Engineers patent limited-range projectile to reduce collateral damage

By Eric Kowal, Picatinny Arsenal Public AffairsFebruary 18, 2016

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PICATINNY ARSENAL, N.J. -- Three employees of the U.S. Army Armament Research, Development and Engineering Center, or ARDEC, were awarded with a U.S. patent for their proof of concept work on a limited range projectile.

Brian Kim, Mark Minisi, and Stephen McFarlane filed collectively for the patent on May 7, 2013 and were notified of its approval on Sept. 1, 2015.

The concept for the limited range projectile includes pyrotechnic and reactive material. The pyrotechnic material is ignited at projectile launch. The pyrotechnic material ignites the reactive material, and if the projectile reaches a maximum desired range prior to impact with a target, the ignited reactive material transforms the projectile into an aerodynamically unstable object.

The practical use that the three men intended to apply the concept to .50 caliber ammunition. However, the patent covers the idea and technology behind the concept as a whole so it could theoretically be used in various calibers of small arms munitions.

"We wanted to protect the U.S. government's interests and position," McFarlane said about filing the patent.


Computerized modeling and simulation were performed to compare the inventive projectiles to the .50 caliber M33 projectile and the .50 caliber M8 projectile.

"Conceptual designs were ran through and evaluated via modeling and simulation," Kim said. "Three concepts were submitted with the patent, however, not all were feasible," he said.

"A proof of concept test was perfected and results indicated the need for concept refinement and pyrotechnic mix improvement," Kim said.

The group states that there are significant benefits to the warfighter in using a limited range projectile.

"The biggest advantage is reduced risk of collateral damage," McFarlane said. "In today's urban environments others could become significantly hurt or killed, especially by a round the size of a .50 caliber, if it goes too far."

McFarlane said that the distance in which the round disassembles can be adjusted based on the choice of reactive material used. The benefit to this is that the round does not continue to travel, therefore reducing collateral damage.

This benefit can best described as "a design programmed maximum range," McFarlane said.

The ballistics also match and or exceed the standard round out to the max effective range of the round. In theory, the projectile may be any caliber from 5.56 mm to 155 mm.


The concepts vary, however in theory the process would work like this:

During launching of the projectile, pyrotechnic initiating material is ignited by energy produced by propellant in the cartridge case. Or, pyrotechnic initiating material may be ignited by energy produced by bagged propellant, if the projectile is a separately loaded projectile.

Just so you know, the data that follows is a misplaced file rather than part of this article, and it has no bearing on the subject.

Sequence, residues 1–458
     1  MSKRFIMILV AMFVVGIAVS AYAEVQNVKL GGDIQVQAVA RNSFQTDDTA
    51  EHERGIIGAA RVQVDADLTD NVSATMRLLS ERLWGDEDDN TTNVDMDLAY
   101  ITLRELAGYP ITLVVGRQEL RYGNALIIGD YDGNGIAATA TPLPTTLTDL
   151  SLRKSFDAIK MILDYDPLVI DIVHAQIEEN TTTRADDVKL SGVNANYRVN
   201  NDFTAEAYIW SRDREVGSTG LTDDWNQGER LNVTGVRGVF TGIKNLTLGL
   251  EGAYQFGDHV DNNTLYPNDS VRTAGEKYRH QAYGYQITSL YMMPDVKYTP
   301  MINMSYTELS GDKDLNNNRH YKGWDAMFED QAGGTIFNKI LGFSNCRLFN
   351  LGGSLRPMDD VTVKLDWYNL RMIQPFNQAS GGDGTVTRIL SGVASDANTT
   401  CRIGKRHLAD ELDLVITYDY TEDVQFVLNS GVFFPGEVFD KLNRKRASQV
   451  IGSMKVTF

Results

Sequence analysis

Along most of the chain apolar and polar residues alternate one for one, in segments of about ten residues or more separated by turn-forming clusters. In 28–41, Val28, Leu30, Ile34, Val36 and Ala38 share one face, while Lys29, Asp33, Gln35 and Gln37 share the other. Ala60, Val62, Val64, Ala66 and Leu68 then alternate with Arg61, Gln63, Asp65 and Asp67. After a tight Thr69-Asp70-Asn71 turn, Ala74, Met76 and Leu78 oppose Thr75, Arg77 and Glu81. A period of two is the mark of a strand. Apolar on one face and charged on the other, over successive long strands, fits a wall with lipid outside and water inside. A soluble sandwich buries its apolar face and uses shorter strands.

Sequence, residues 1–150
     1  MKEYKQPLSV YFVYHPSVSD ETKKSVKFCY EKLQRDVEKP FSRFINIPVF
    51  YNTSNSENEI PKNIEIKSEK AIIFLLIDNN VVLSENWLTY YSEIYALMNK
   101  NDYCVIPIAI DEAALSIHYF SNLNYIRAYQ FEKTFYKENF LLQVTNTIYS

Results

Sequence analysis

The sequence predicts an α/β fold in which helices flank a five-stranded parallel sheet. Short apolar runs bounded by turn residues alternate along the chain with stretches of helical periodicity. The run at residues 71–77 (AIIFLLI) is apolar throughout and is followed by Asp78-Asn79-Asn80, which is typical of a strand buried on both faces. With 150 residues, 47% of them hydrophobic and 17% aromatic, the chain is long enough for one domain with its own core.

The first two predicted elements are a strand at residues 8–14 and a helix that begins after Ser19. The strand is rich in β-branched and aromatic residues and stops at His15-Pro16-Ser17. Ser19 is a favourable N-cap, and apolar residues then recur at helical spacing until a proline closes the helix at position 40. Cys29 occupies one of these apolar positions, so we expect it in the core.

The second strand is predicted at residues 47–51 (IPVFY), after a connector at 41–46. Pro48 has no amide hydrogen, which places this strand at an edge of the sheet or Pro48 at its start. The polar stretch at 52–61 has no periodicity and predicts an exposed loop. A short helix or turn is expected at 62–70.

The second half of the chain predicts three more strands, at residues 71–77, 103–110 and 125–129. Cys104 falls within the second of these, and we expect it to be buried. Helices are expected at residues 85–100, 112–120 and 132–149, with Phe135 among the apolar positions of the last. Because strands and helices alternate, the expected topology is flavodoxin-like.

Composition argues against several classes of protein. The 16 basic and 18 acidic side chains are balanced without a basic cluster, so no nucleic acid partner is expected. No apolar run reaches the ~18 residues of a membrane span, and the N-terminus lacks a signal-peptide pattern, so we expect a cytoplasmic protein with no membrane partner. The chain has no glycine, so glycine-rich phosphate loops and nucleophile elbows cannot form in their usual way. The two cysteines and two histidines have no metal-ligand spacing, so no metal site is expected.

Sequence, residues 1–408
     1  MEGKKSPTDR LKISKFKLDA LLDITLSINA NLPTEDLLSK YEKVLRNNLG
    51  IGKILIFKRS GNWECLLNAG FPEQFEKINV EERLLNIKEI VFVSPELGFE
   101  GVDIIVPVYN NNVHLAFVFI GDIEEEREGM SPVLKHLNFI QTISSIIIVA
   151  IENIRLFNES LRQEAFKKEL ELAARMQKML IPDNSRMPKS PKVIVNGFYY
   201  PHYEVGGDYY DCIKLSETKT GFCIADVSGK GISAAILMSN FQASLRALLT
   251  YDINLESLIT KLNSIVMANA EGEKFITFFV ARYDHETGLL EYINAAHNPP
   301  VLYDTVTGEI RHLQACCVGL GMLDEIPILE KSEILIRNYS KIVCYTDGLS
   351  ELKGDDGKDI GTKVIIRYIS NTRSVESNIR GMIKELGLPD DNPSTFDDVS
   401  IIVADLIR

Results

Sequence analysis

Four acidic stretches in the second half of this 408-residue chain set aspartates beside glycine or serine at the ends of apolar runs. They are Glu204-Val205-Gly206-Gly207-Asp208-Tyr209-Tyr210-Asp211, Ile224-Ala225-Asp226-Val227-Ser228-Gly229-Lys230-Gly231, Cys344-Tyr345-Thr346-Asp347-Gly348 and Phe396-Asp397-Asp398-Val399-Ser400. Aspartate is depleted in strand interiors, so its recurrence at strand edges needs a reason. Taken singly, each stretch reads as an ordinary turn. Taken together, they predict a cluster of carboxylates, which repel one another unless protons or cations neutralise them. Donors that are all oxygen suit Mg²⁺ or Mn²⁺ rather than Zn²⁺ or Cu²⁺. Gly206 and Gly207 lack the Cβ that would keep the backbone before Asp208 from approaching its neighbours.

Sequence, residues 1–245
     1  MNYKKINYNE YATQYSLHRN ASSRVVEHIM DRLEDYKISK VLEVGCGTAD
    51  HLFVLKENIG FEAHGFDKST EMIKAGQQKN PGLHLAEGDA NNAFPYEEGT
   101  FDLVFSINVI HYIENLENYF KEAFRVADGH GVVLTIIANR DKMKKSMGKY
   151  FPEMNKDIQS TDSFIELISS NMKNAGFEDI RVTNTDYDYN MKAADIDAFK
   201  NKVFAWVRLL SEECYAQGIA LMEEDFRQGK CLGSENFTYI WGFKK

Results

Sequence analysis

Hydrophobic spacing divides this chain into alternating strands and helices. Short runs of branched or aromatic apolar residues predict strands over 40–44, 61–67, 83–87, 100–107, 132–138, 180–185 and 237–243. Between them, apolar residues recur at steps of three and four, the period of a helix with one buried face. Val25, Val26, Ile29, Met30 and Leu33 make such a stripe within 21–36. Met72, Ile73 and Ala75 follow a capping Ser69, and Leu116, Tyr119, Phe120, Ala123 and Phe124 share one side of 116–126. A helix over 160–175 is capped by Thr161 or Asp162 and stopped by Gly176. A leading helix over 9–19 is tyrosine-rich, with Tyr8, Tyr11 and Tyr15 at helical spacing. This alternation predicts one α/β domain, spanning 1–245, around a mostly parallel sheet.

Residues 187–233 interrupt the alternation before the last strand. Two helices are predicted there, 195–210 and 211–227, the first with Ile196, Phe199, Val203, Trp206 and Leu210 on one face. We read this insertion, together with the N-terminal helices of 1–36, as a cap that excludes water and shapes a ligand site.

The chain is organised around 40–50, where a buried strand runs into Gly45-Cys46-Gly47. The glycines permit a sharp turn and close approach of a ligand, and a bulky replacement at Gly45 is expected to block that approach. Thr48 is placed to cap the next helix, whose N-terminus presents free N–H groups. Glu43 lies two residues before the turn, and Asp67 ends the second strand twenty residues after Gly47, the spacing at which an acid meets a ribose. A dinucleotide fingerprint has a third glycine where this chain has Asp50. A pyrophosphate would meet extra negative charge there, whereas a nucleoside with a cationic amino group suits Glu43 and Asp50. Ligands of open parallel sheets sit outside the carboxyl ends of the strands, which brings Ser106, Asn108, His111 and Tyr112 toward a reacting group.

Pyrotechnic initiating material ignites the reactive material. Prior to impact of the projectile or with a target, and while the projectile is airborne, energy produced by the ignited reactive material transforms the projectile into an aerodynamically unstable object. The transformation into an aerodynamically unstable object renders the projectile incapable of continued flight.

In one concept, the projectile is rendered unstable by the melting of the copper jacket, which produces a highly irregular shape. In another, the projectile is rendered unstable by the separation of the cylindrical portion from the base portion and the separation of penetrator from the projectile assembly.


Currently, funding for the project has ceased. However, engineers hope that their concept will resurface as the constant need to provide greater technology for the warfighter increases.

Despite the lack of funding, McFarlane said, "This was the first patent we applied for that has been approved. That in itself is an accomplishment."


Per Army Regulation 27-60 which deals with "Intellectual Property," Government civilian employees and military personnel may be considered for an initial award of $200."

They may be considered for a final award of $500 if certain conditions apply outlined in the regulation.

In this instance, since there were more than one applicant, "When two or more eligible persons are co-inventors, each will receive an initial award of $200. The final award to each eligible co-inventor will be $250."

The concept for the limited range projectile came to fruition when the small caliber ammo development team was funded to investigate the feasibility of a pyrotechnically actuated disassembling limited range .50 caliber bullet.

"It was essentially my idea to create a self-destructing small caliber round akin to the larger caliber ones," Minisi said. "The type of reactive materials to use and how to test it was Steve's idea.

"Brian was instrumental with executing the effort, particularly the modeling and simulation to confirm the concept," he said.


The U.S. Army Armament Research, Development and Engineering Center is part of the U.S. Army Research, Development and Engineering Command, which has the mission to ensure decisive overmatch for unified land operations to empower the Army, the joint warfighter and our nation. RDECOM is a major subordinate command of the U.S. Army Materiel Command.

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